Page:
'The Raft of Brexit' (2018), parody of Theodore Géricault's painting 'The Raft of the Medusa', featuring British politicians trying to steer the U.K. after the country left the European Union in 2016. Boris Johnson holds the mast, while Theresa May waves the flag to U.S. President Donald Trump at the horizon, portrayed as a mock version of the Statue of Liberty, holding a Ku Klux Klan torch and a Twitter book.

Dave Brown is a British editorial cartoonist, painter, sculptor and drummer. Since 1996, he is the house cartoonist of The Independent. He mostly draws political cartoons, but is also active as a sports cartoonist. One of his trademarks are art parodies, which he nicknames his 'Rogues' Gallery'. Brown's work has sometimes drawn controversy, but also received several awards. He should not be confused with the British children's book illustrator Dave Brown, known for livening up the pages of Janice Levy's 'The Man Who Lived in a Hat' (Hampton Roads, 2003), nor with the American political cartoonist David G. Brown.

Early life and career
Dave Brown was born in 1957 in Barnehurst, Kent, as the son of a teacher. As a child, Brown enjoyed drawing caricatures in class, and made his own comic strips. Among his main graphic influences are the painters Caravaggio, Diego Velázquez, Rembrandt van Rijn, Francisco de Goya, J.W.W. Turner and Vincent van Gogh. His idols in the field of cartooning are James Gillray, Les Gibbard and Ralph Steadman. Between 1976 and 1980, Brown studied Fine Arts at Leeds University. After graduation, he moved to Brent in North London, where he worked as an art teacher at the Strathcona Social Education Centre in Wembley, educating children with learning difficulties. In addition, he made cartoons for the local teacher union magazine in Brent. In 1983, Brown retired from education and became a painter, freelance graphic designer, stage designer and motorcycle courier.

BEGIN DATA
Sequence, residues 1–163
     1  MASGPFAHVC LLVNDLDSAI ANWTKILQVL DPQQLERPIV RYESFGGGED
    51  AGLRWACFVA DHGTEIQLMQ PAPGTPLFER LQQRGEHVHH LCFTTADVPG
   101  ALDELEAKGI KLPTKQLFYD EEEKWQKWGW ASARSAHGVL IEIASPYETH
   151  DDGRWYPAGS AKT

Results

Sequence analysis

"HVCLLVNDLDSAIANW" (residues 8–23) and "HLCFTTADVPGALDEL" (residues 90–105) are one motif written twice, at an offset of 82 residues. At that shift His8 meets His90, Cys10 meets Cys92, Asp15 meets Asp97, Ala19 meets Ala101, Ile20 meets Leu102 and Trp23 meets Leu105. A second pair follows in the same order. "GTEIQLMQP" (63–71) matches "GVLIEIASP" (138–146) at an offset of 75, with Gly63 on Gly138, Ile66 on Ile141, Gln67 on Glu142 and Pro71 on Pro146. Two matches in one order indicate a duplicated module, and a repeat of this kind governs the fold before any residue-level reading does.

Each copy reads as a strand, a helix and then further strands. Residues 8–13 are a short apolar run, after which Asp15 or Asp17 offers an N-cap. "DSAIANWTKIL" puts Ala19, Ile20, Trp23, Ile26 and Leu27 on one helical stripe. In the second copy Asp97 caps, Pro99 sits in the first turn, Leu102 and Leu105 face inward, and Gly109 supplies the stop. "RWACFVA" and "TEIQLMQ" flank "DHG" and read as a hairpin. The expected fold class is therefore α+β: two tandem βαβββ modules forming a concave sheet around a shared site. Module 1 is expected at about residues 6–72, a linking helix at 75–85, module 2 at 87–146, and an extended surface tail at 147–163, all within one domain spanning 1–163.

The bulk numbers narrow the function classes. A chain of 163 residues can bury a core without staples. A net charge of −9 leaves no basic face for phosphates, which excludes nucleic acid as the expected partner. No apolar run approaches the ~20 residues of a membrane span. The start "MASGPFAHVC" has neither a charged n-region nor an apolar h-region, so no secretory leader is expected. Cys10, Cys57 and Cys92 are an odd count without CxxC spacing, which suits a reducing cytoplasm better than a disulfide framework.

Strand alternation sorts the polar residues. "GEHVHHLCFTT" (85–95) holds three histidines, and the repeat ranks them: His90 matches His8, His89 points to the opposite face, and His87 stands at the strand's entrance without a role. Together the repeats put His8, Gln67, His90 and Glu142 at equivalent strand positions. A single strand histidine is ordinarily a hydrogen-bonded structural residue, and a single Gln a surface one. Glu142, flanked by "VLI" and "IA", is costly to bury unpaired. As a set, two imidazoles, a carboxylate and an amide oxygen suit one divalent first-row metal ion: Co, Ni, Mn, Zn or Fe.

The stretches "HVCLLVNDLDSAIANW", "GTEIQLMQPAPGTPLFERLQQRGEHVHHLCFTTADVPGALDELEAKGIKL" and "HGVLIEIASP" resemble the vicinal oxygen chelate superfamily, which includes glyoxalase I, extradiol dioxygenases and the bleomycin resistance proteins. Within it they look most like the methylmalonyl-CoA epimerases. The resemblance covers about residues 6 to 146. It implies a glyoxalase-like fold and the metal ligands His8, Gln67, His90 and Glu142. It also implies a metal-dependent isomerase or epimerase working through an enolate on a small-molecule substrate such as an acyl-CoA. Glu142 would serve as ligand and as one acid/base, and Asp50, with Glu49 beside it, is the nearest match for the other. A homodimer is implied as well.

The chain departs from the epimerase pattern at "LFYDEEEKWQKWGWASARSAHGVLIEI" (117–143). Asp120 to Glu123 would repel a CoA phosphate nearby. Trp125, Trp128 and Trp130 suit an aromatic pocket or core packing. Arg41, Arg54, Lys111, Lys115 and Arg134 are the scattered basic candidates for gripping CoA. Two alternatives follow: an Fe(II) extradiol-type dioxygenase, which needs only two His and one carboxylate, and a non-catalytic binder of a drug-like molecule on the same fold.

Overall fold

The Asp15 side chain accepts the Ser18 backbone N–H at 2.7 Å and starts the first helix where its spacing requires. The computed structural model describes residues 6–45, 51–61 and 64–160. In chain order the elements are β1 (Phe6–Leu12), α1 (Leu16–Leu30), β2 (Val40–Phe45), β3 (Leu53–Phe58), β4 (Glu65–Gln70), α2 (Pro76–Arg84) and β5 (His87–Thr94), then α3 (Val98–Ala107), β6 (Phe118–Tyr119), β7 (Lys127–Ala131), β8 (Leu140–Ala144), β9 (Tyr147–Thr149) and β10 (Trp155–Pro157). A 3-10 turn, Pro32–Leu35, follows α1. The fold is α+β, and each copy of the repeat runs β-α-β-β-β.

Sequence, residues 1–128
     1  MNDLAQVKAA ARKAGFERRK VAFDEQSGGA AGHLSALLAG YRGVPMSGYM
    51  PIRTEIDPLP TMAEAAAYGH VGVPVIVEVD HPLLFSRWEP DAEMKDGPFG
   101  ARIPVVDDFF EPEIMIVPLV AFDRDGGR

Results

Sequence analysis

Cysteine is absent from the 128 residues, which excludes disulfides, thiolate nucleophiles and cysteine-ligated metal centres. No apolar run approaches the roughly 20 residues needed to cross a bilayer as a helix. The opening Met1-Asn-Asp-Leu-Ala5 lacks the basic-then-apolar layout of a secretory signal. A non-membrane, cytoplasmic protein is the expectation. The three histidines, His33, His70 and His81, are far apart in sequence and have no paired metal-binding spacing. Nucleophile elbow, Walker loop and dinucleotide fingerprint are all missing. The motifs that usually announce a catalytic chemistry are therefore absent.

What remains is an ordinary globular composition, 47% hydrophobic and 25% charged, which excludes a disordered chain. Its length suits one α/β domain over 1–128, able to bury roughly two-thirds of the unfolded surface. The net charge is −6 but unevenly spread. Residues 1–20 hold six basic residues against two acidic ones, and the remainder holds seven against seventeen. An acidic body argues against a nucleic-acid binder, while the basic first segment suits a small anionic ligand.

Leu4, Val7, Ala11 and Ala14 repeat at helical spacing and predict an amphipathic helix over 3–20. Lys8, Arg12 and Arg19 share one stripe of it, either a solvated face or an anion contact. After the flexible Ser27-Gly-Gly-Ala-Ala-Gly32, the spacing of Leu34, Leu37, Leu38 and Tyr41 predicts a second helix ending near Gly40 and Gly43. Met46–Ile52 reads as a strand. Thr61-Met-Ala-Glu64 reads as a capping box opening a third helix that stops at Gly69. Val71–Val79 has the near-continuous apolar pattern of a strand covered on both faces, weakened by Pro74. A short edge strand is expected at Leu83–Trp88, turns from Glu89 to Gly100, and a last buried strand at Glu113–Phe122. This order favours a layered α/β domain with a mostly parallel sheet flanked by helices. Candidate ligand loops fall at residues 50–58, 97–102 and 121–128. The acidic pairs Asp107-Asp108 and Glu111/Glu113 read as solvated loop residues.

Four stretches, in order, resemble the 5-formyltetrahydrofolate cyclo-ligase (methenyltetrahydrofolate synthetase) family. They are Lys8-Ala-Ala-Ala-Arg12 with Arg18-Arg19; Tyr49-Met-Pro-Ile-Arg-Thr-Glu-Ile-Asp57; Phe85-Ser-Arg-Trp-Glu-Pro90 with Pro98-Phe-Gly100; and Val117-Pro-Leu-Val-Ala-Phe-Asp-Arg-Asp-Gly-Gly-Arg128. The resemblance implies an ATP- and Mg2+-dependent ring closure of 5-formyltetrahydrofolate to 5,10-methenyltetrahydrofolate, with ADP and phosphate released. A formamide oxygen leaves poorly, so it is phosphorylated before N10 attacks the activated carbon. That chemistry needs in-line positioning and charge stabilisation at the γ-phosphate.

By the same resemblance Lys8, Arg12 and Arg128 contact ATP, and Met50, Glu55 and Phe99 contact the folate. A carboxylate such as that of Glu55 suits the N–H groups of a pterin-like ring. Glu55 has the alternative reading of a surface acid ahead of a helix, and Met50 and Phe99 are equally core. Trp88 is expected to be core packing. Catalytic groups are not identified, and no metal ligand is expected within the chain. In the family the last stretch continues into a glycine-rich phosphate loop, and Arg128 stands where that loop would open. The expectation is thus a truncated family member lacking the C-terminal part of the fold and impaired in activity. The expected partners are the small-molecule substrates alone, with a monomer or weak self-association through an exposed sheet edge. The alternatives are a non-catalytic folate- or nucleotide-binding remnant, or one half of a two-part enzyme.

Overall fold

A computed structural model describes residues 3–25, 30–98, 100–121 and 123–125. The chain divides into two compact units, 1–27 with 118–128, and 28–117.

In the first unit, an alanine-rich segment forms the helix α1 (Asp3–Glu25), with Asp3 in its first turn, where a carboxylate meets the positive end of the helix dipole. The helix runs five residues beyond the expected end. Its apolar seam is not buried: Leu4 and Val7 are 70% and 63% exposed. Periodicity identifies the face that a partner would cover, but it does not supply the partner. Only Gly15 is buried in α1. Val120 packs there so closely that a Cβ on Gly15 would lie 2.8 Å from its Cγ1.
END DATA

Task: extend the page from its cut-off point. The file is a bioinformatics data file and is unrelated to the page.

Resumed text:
Cartoon mocking North Korean dictator Kim Jong-Un and his megalomaniac war plans, The Independent, 12 April 2013.

Cartoons
Although Brown was keen on painting, this art form also had its practical problems, for instance storage. At one point, he had to move out of his studio, because the building was going to be demolished to make room for a high-rise flat. Since he made huge paintings, it was difficult to store them away elsewhere, since he couldn't afford to live in a payable large house. From a practical and economic perspective, being a freelance cartoonist was a welcome change of profession. In 1989, Dave Brown won a Political Cartoon competition organized by the newspaper The Sunday Times. Becoming one of its regular cartoonists, his first cartoon in The Sunday Times saw print on 11 June 1989.

In October 1996, Brown joined the daily The Independent, for which he is still active today. His cartoons have additionally appeared in The Daily Mail, The Economist, Financial Times, The Guardian, The New Statesman, Prospect and The Scotsman. For The Daily Express and Mail on Sunday, he provides sports cartoons. A collection of cartoons by Brown and fellow cartoonists Tim Sanders and Peter Schrank has been published under the title 'An Independent Line: Cartoons from The Independent' (Political Cartoon Society, 2008).


Cartoon depicting British Conservative Party members Liz Truss (holding Margaret Thatcher's face as the head of Medusa) and Rishi Sunak, who'd succeed each other as Prime Minister in the fall of 2022, The Independent, 3 August 2022.

Style